The Marquis walks right to my oldest painting that hangs on the wall. The Dark Castle. If I had some presence of mind until now, when Mum gets Father out of the room invoking the Marquis’ assistant’s asking for the host to see to the transaction papers, fear grips me.

I’m alone with the killer.

“This painting mirrors your soul.” His voice fills the wooden room, liquid and rich.

I want to say something witty, but fear’s got my lips bloodless and shivering. With small steps I advance to my working place and palm a nail. The Marquis still stands with his back at me, black hair glossy, hands in his trouser pockets.

“I can feel your special golden eyes on me,” he says calmly. “And I know what you have in your hand.”

I begin to shake.

“In my business,” he continues, “if I didn’t know when someone held a weapon behind my back, I’d be long dead. Or something similar to dead.”

He turns, and I’m certain I’m looking at a demon, as handsome as sin. He approaches, and I can’t detect the slightest trace of fear in his moves or in his face. I don’t unsettle him at all. Again he stands too close, his scent bittersweet, anaesthetizing my senses. His stare keeps steady on me, and I understand that he’s making himself available for questions. I take the chance.

“Why did you kill that man at the ball, Marquis?”

“Right to the heart of the matter. Don’t I deserve some small talk first?”

“Oh, you don’t want to hear what I believe that you deserve.”

He gives me an indulgent smile. “Are you so direct on all your suitors?”


“What did you expect, Saphira?” His voice lowers, threatening, and his stare deepens. “You have a secret of mine, so I can’t have you walking around free. It’s either this or the underworld.”

“What on earth are you trying to tell me?” My heart drums.

“That there’s more special about you than just the color of your eyes. You managed to break free from my grip on your senses when we first met. That’s a rare gift, you see. So knowing what you know, I need you completely in my power. And I’ll have you completely in my power, no matter how many houses I have to buy from your father.”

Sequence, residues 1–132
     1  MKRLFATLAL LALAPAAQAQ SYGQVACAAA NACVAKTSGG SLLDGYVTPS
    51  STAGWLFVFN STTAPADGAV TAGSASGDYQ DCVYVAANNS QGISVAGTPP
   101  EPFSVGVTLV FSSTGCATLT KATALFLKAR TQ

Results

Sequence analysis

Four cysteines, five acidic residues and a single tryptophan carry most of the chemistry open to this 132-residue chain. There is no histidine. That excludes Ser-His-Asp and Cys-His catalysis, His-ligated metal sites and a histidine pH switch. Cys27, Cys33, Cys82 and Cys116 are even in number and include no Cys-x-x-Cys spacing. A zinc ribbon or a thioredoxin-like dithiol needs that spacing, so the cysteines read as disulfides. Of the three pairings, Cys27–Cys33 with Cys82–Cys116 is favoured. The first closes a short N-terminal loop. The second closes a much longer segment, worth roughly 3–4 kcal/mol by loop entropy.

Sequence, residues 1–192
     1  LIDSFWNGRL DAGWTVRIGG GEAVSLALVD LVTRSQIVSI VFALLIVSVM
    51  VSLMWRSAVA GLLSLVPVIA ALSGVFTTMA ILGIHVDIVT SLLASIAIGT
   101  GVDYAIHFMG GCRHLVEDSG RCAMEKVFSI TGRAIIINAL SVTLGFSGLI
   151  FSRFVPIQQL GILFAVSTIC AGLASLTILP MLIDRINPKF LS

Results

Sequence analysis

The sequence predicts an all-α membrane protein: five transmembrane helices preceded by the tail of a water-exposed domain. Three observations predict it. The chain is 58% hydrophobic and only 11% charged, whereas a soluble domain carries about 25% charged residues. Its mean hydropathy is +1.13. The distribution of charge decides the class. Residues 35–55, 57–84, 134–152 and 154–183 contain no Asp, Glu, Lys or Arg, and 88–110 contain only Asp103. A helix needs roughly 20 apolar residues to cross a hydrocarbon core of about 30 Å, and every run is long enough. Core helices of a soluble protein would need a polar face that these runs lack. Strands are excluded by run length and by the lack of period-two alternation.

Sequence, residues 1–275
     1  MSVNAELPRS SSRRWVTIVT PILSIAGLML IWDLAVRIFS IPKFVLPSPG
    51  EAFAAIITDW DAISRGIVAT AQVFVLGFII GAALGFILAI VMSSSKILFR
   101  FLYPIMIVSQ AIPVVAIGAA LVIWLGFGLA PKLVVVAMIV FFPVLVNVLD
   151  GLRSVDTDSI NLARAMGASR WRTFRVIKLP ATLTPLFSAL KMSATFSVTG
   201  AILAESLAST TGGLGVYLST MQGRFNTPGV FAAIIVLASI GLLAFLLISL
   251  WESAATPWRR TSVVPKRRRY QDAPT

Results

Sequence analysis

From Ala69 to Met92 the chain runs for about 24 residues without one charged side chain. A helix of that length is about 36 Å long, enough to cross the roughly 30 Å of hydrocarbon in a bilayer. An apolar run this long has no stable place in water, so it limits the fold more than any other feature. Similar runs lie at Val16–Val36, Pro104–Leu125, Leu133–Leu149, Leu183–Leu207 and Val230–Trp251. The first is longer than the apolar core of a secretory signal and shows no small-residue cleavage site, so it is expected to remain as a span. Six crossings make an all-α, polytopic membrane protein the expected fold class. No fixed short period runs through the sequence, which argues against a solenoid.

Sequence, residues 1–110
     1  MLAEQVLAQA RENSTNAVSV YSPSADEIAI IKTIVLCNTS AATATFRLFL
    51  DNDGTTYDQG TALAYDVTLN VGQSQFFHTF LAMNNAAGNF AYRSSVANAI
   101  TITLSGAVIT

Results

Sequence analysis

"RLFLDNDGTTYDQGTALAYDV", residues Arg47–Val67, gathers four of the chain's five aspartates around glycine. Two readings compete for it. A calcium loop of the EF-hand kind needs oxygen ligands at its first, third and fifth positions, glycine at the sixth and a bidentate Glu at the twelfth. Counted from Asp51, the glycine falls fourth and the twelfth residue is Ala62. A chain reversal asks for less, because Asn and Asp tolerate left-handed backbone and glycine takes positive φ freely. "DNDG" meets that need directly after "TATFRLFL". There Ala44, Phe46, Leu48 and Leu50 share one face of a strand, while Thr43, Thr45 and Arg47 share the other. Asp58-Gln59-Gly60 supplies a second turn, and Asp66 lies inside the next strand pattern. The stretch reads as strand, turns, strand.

“I’ll run away.”

He laughs. It’s a quiet, but confident sound. “Tell me, Saphira. Do I strike you as someone who’s easily eluded?”

“There must be exceptions. There are always exceptions,” I attempt to defy to the very end.

His presence grows darker, crushing and chilling, not of this world. “None of them alive to tell the tale.”


Next episode.

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Buy Saphira’s whole story here.

Featured image source.


11 thoughts on “SAPHIRA Episode 2 – Short Story for the Coffee Break

  1. Hyperion

    Excellent development of the tension that places Saphira in a situation where her decisions will lead her to the Marquis’ will. I like how she mused over her parents wishes for her versus her own and the clever manipulations of the killer. She is defiant to the end. I don’t know who is in more trouble, Saphira or the Marquis. Looking forward to more.

    1. Thank you very much, dear Hyperion, for your kind comment. I’m glad you like the development, this was one of those occasions when it all flowed easily right onto the page. Today I have Hyperion knocking on my door. Your alter-ego seems in a real hurry to come to life 🙂